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Tax Multiplier: T-Multiplier (With Diagram)

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We know that a tax increase results in a decline in income. In other words, it is contractionary in effect. An increase in tax (∆T) leads to a decrease in income (∆Y). The ratio of ∆Y/∆T, called the tax multiplier, is designated by KT Thus,

KT = ∆Y/∆T, and ∆Y = KT. ∆T

Again, how much national income would decline following an increase in tax receipt depends on the value of MPC. The formula for KT is

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Thus, tax multiplier is negative and, in absolute terms, one less than government spending multiplier. If MPC = 3/4 then the value of KT = (-3/4)/(1-3/4)= -3.an increase in taxes of Rs. 20 crore results in a decline of income of Rs. 60 crore. That is to

-60 = (-3/4)/(1-3/4)

In contrast, with an MPC = 3/4, the value of KG = 4. Assume an increase in government expenditure of Rs. 20 crore. Applying the formula for KG, we obtain

clip_image004

Thus, KT is negative and its value is one short of K, or KG.

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Graphically, tax multiplier has been shown in Fig. 3.18. Pre-tax consumption line and aggregate demand schedule are represented by C1 and C, + I + G, respectively. The corresponding equilibrium level of income is OYI. An increase in taxes shifts the consum­ption line to C2. Consequently, aggregate demand schedule also shifts downwards to C, + I + G. Consequently, income declines to OY2. Thus, the effect of an increase in taxes on income is contractionary.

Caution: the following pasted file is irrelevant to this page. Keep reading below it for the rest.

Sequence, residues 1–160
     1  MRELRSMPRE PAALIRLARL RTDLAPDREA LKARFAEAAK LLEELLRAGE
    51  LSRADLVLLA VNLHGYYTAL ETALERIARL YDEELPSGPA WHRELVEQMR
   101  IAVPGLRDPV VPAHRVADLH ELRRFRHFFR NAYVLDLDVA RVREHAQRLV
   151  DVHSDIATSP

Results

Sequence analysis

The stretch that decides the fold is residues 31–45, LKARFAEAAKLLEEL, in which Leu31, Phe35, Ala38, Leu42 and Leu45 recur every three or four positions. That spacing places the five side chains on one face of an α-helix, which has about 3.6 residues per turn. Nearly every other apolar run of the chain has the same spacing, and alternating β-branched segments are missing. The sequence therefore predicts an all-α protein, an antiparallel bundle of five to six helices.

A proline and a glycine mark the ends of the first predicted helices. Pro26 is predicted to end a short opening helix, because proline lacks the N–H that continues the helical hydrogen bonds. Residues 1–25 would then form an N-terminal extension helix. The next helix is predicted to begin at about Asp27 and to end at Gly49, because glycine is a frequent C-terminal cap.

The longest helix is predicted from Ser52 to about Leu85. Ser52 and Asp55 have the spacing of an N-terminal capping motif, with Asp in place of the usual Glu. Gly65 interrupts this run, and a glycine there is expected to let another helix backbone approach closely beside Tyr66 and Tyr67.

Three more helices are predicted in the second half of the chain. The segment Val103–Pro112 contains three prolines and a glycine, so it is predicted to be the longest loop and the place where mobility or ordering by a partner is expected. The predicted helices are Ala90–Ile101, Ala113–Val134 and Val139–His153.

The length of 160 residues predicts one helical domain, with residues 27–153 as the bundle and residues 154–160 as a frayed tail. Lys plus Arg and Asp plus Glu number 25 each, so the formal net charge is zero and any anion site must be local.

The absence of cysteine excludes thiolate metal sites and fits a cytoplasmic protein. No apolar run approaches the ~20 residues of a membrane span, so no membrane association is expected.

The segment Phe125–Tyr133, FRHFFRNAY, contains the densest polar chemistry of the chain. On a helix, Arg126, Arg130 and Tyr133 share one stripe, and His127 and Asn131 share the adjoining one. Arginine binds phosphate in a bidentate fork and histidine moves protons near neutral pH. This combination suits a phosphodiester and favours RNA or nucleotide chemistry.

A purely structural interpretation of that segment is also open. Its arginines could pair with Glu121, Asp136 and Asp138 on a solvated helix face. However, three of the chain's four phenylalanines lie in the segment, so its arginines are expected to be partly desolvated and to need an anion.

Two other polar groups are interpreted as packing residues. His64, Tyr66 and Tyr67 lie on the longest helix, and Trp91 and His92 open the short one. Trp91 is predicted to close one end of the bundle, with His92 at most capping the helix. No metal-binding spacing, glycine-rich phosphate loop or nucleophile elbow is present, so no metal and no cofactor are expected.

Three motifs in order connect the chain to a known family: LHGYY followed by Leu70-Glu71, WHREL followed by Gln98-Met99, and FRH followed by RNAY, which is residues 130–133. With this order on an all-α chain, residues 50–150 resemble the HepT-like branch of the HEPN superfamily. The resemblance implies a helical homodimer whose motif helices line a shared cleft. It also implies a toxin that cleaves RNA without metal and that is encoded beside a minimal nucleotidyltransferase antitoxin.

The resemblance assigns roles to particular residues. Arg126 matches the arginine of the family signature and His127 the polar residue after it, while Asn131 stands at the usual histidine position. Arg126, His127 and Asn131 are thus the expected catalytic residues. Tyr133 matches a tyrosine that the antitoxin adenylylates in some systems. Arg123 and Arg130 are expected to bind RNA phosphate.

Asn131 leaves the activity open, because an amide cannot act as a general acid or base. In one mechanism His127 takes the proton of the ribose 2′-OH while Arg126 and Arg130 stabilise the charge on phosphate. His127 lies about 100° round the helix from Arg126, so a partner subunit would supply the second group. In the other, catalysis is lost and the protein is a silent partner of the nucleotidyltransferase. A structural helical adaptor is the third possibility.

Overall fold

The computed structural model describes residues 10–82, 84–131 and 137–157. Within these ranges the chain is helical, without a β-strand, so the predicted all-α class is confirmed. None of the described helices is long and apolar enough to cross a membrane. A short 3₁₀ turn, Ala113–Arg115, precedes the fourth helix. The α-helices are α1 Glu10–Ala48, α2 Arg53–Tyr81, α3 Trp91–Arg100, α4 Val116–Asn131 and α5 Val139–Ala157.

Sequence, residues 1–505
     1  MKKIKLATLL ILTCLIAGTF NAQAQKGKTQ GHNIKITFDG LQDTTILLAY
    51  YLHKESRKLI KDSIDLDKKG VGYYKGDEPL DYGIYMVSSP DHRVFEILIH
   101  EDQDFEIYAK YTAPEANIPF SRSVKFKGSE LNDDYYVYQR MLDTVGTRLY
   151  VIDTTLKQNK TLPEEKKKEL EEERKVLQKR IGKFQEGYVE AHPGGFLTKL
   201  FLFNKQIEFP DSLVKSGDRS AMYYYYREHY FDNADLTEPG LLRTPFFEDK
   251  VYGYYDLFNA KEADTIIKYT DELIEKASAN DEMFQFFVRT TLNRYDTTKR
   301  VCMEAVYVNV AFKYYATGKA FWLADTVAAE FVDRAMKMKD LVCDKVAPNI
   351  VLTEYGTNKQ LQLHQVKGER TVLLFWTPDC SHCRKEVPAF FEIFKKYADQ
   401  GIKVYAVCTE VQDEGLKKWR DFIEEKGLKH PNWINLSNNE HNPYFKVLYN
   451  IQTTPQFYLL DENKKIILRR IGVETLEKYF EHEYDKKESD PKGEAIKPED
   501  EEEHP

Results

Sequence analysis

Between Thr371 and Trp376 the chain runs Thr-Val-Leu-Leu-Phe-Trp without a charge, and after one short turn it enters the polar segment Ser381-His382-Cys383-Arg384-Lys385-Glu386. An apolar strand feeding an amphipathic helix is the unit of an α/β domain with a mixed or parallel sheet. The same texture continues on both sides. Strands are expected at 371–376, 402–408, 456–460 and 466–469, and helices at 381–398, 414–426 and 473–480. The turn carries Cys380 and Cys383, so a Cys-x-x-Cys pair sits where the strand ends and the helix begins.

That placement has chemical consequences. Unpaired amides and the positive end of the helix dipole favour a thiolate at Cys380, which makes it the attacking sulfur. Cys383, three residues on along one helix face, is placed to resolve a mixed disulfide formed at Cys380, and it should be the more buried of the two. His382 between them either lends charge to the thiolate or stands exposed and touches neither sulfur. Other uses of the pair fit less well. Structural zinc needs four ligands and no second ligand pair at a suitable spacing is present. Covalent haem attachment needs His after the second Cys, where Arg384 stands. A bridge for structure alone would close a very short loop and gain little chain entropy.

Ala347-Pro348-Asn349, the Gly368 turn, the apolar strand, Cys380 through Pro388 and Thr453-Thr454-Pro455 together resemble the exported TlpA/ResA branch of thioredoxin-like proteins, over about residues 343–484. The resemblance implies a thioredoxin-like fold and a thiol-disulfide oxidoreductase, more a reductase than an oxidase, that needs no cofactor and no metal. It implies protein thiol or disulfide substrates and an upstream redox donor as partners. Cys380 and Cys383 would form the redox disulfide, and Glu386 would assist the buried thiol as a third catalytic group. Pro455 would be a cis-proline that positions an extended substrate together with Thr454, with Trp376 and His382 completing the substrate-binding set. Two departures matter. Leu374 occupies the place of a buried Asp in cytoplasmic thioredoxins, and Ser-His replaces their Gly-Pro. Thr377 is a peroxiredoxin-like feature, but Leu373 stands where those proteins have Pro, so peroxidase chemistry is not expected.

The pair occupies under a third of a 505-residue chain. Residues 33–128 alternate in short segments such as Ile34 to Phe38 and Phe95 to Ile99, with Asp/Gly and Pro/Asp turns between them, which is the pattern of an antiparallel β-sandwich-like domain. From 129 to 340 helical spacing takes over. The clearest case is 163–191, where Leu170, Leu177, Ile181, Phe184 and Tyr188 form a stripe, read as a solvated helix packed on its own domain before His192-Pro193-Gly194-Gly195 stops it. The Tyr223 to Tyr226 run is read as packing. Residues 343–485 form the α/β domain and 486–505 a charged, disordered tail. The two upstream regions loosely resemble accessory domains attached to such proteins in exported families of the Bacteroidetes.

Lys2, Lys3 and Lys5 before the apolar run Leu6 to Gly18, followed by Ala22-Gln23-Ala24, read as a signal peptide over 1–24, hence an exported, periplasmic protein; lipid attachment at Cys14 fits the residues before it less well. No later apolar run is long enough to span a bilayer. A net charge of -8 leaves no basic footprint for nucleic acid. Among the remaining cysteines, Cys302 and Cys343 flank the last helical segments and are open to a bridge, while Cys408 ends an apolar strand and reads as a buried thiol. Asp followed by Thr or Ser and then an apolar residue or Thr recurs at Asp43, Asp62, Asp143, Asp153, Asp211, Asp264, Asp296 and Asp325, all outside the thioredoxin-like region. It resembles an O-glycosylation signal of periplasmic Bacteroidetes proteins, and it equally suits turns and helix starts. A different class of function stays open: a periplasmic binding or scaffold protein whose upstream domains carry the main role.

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One must know the distinction between KI or KG and KT.This is demonstrated in terms to Table 3.4.

Table 3.4: KI or KG Vs KT

Thus, KT is negative and one less than KI or KG.

The G-multiplier and T-multiplier are also called fiscal multipliers as these multipliers are associated with the fiscal activities of the government (i.e., changes in expenditure and taxation plans).

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